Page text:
Fitch is the president and CEO of the Congressional Management Foundation and a former congressional staffer.
It's no secret that this has been a tough year for Congress. The pandemic and the Jan. 6 attack on the Capitol have left a malaise over the congressional community. The public continues to hold Congress is low regard. One public opinion survey asked what words they would use to describe Congress: "incompetent," "inept," "terrible" and "bad" topped the list.
The challenge for many Americans (and even some journalists) is to see past the caricatures, show horse politicians and Hollywood narrative to get a real understanding of Congress at work. The Congressional Management Foundation aims to open such a window to Capitol Hill and highlight the best in Congress through the Democracy Awards. The program is kind of like the "Oscars for Congress" (without the red carpet and fancy outfits).
The vision and goals for the Democracy Awards are simple and based on the success CMF has seen in our 44-year history of improving Congress. First, we wanted to recognize legislators and their staffs, identifying best practices in congressional offices. It should be noted that this award actually goes to the office, including staff, not just the member of Congress. That is of course because we all know that while the member is the crucial leader of the office, he or she cannot succeed without the support of an outstanding team. Second, the Democracy Awards seeks to provide examples of best practices to other members of Congress, offering them roadmaps to improving their operations and services to constituents. Finally, we hope the Democracy Awards will increase public understanding of Congress.
We all know that Congress is not held in high regard by the American public. But those who really know the institution also know the real Congress is made up of amazing and dedicated public servants, tirelessly working for their constituents. CMF hopes that we can shine a light on those members and offices, if only for a brief moment, then perhaps we can chip away, if only a little bit, at the wall of cynicism in our nation.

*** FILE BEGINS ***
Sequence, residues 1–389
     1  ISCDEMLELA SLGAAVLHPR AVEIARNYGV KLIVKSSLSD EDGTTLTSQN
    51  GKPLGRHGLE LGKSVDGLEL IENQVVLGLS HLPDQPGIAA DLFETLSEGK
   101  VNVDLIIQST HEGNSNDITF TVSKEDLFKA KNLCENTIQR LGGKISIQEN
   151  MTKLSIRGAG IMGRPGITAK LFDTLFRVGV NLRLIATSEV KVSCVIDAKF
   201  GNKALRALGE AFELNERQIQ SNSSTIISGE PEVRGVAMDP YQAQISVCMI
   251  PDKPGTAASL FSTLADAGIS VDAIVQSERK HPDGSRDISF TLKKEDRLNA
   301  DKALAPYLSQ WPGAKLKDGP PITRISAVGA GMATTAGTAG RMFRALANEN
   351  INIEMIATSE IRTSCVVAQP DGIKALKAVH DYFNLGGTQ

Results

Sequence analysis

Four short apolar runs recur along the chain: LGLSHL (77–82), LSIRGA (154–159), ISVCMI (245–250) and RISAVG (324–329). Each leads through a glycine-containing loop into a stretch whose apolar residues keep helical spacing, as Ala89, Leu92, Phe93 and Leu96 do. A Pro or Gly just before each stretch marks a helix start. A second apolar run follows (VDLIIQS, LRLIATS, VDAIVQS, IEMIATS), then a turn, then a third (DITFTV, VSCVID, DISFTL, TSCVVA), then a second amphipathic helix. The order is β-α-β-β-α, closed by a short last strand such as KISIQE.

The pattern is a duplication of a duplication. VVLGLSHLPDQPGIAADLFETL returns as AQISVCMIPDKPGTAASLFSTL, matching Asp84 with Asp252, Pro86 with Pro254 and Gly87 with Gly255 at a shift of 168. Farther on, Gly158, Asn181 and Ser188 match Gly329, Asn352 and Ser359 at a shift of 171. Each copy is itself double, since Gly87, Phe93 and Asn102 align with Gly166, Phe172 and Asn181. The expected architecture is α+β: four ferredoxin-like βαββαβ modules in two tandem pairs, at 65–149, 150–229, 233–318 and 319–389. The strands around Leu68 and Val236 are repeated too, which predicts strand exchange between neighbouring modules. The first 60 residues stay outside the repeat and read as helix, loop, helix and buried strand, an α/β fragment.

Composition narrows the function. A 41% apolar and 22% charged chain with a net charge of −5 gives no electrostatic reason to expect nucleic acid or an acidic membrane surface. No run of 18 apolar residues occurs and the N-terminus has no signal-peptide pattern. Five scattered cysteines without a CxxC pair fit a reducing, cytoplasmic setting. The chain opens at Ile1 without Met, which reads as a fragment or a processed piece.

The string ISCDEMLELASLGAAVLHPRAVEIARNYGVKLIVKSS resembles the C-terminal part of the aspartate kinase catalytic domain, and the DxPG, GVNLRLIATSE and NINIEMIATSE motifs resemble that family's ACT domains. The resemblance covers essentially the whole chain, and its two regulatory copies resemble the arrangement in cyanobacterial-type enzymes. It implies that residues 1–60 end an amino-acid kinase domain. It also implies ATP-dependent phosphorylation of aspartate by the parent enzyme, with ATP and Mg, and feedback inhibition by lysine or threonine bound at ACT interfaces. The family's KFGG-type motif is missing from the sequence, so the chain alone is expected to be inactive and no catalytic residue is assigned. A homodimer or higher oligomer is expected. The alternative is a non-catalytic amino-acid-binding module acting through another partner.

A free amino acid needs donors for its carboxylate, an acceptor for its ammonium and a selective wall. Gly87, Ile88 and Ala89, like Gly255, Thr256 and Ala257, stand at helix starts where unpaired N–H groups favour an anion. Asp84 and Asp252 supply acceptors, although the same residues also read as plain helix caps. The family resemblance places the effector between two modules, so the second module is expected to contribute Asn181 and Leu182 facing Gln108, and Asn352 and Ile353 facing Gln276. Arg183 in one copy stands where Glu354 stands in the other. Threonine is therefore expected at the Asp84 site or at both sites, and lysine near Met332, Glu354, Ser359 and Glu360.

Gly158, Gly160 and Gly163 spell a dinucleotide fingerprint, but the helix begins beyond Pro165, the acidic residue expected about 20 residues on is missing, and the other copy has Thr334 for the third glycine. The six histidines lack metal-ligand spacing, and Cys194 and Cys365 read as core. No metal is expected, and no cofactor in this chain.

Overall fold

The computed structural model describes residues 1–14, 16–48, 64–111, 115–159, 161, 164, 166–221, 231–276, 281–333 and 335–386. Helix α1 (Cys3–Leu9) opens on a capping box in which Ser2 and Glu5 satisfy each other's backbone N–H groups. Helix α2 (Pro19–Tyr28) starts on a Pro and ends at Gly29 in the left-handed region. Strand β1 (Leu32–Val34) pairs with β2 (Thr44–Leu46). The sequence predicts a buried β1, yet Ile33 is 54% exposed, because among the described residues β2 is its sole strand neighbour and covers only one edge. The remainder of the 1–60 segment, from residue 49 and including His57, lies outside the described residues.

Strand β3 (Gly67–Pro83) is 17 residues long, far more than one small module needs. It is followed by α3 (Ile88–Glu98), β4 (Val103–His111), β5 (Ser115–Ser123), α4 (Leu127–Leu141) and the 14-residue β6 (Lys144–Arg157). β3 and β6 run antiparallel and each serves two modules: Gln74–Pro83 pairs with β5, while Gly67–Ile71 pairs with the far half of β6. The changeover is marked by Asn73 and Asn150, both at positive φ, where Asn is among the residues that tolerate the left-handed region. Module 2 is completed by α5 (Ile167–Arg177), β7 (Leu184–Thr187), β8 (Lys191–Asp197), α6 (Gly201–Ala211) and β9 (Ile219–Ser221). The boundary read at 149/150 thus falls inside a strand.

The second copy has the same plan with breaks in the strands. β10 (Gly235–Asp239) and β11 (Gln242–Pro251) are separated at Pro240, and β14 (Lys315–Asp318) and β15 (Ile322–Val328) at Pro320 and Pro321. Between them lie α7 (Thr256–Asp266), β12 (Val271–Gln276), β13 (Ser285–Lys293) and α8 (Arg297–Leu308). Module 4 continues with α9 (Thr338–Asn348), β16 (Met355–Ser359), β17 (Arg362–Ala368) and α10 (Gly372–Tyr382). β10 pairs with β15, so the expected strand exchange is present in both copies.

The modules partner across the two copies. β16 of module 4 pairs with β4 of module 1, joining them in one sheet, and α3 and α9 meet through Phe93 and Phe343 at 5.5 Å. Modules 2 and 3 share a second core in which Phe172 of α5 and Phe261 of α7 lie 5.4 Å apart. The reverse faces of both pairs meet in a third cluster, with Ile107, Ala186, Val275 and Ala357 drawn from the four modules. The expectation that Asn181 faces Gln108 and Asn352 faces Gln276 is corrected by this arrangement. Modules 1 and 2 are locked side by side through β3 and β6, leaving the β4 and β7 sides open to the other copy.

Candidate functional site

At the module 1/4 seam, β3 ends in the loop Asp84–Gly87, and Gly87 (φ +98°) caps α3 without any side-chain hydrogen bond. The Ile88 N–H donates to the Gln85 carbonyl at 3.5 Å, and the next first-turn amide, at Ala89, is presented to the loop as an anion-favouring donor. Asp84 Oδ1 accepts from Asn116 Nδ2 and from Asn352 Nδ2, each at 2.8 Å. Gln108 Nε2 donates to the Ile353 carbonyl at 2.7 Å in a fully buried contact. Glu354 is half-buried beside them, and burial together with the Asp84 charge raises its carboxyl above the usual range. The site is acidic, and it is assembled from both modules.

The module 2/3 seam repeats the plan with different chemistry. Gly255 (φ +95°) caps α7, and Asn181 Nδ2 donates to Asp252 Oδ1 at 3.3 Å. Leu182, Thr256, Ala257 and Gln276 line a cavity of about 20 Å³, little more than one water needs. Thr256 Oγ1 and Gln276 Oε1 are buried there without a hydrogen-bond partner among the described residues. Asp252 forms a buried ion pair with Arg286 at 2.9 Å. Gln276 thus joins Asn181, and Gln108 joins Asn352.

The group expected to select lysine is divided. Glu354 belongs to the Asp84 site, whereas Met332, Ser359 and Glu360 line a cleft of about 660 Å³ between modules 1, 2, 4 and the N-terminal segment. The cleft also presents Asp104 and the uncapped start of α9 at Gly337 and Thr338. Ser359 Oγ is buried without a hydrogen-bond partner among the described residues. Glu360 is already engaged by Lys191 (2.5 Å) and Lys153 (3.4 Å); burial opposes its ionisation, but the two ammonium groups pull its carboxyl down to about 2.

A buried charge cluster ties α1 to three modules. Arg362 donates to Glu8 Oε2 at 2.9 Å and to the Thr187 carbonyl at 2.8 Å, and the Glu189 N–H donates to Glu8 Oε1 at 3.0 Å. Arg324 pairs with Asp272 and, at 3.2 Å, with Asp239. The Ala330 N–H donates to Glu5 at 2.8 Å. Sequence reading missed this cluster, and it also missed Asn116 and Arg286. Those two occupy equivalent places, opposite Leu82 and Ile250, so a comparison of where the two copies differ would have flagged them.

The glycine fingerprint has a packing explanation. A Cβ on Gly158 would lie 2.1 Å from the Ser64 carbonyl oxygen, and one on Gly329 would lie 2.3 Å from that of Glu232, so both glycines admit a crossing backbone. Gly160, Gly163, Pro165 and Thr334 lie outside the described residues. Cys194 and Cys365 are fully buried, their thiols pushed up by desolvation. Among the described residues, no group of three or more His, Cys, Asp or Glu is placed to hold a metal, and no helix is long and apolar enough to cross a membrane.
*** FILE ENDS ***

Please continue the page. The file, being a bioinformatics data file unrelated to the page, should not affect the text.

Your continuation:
And this is no easy award to win! The process for being selected as a winner is thoughtful, extensive and based on clear criteria. Offices self-nominate by providing some information on why they think they are an award-winning office. CMF staff will interview senior staff in the offices of candidates for the award and collect corroborating information and documents. The winners are selected by a committee primarily comprised of former members of Congress and staff. The results are an amazing display of outstanding public service and a roadmap to excellence for other congressional offices.
This year's winners include:
- Rep. Dusty Johnson (R-S.D.), who employed a creative way to stay connected to his constituents during the pandemic while social distancing: He held "drive thru" town hall meetings in parking lots, where constituents could shout questions from their cars.
- Rep. Katie Porter (D-Calif.), who empowers her team by giving a "Truth to Power" award every month to an outstanding staffer in the office who has shown individual initiative.
- Rep. Don Bacon (R-Neb.), who created a nonpartisan Congressional Youth Advisory Academy designed to educate students on how Congress operates and the process by which public policies are formed.
- Rep. Anthony Brown (D-Md.), who is so intent on demonstrating accountability to his constituents he often waits two to three hours after the end of a town hall meeting to wrap up, insisting on greeting and talking with every constituent attending until they leave the room.
The Democracy Awards are still nascent, only in their fourth year. But they are already generating the competitive spirit we hoped to create in Congress. At a 2020 panel briefing that included the previous year's winners, when a staffer described their innovative or award-winning practice, the other winners on the panel were feverishly taking notes!
At a time when partisan rhetoric is exacerbating the differences in the nation and Congress, it is refreshing to hear that a group of members of Congress have something in common: a passionate desire to serve their constituents and demonstrate excellence in public service. The denizens of the broader congressional community yearning to lift the August doldrums would be wise to study the successful practices of Democracy Awards winners. They might just be the tonic America needs to restore a little faith in government.
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